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State officials can hear secrets too

Governors and other local and state officials likely will get more access to classified information from the Feds, according to a new executive order signed by President Obama. The order is the White House's attempt to try to make its processes for sharing classified information with non-federal officials more formalized.

The executive order doesn't change previous orders on national security classification or who gets access to secrets, but it is meant to increase the sharing of classified information among officials at all levels.

Steve Aftergood at the Federation of American Scientists said that "the closest thing to a policy innovation in the new order seems to be a provision that a duly elected or appointed Governor of a State or territory... may be granted access to classified information without a background investigation."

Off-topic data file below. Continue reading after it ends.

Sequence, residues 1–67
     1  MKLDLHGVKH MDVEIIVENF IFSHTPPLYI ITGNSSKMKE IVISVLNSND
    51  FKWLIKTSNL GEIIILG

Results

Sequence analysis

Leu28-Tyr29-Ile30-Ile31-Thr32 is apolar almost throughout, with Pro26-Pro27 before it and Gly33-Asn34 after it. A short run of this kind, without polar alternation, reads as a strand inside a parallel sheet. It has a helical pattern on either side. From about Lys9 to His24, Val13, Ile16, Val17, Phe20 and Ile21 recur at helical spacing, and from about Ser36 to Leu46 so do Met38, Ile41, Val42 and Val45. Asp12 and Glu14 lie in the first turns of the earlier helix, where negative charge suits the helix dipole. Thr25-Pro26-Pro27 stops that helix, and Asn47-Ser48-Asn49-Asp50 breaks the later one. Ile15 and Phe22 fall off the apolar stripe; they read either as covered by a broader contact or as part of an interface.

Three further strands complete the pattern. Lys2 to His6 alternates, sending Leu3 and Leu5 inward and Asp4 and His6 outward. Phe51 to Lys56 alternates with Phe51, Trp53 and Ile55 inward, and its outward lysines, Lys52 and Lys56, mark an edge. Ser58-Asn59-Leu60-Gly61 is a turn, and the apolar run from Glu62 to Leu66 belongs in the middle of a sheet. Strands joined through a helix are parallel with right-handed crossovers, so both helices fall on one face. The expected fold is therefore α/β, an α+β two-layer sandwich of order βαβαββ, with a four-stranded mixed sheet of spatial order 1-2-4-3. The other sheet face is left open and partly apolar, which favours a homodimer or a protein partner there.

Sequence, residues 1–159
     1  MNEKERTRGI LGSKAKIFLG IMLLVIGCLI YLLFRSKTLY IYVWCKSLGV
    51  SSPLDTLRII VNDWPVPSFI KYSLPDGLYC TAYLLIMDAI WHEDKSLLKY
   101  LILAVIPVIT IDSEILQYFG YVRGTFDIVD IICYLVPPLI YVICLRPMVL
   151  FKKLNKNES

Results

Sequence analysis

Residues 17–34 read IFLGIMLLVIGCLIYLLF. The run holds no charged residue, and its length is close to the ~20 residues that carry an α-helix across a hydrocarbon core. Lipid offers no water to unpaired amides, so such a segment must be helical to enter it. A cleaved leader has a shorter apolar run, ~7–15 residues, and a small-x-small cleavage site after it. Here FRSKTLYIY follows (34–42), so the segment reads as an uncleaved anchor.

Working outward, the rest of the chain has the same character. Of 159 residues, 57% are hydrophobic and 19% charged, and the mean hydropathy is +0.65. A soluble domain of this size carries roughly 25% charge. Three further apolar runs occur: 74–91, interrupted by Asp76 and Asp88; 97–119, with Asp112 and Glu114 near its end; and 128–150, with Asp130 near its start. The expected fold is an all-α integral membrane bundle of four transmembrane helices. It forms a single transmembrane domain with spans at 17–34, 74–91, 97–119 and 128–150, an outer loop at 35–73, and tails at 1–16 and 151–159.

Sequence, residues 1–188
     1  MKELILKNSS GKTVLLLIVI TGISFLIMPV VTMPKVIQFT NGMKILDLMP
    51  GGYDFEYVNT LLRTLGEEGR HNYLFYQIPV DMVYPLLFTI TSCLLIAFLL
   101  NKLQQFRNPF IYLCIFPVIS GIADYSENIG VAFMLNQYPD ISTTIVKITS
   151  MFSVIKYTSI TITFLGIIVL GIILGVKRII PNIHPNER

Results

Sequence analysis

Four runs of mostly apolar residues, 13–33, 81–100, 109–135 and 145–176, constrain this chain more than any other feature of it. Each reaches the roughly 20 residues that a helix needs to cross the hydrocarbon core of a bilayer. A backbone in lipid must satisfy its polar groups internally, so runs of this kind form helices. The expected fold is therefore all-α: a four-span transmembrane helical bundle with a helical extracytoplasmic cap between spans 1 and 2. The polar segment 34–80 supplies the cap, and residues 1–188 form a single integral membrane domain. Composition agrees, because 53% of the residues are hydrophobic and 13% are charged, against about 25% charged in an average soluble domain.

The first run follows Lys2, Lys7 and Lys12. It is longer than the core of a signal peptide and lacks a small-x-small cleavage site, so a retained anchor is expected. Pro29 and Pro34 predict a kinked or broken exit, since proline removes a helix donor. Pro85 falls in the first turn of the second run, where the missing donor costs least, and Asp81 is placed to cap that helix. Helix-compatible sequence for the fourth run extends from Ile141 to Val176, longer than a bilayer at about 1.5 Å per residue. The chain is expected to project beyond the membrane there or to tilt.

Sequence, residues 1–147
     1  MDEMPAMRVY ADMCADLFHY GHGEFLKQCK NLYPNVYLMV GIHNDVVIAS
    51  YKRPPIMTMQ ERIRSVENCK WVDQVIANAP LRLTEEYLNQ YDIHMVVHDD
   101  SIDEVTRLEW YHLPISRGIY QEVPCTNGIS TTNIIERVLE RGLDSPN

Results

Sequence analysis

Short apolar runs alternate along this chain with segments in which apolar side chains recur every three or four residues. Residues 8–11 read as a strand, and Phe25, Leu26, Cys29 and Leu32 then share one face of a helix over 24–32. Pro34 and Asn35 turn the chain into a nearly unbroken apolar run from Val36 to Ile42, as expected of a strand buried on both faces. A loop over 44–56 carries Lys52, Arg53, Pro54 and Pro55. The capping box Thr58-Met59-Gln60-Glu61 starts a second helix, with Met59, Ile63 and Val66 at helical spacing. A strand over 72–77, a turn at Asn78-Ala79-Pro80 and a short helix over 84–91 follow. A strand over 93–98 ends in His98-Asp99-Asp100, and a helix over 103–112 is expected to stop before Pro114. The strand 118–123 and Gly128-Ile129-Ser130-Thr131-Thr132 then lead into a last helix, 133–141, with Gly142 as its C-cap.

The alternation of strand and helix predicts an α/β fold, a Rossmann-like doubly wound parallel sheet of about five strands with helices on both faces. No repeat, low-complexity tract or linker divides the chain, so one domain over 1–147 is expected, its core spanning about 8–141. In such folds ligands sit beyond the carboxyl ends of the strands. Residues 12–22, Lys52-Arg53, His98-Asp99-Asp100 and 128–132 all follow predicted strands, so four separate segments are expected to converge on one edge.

But there's a catch. The person has to sign a non-disclosure agreement, and if "disqualifying conduct as determined by the clearance granting official" is absent, the individual can hear the classified information.

By Dana Hedgpeth  |  August 24, 2010; 8:28 AM ET
 | Tags: Clearances, Obama Administration  
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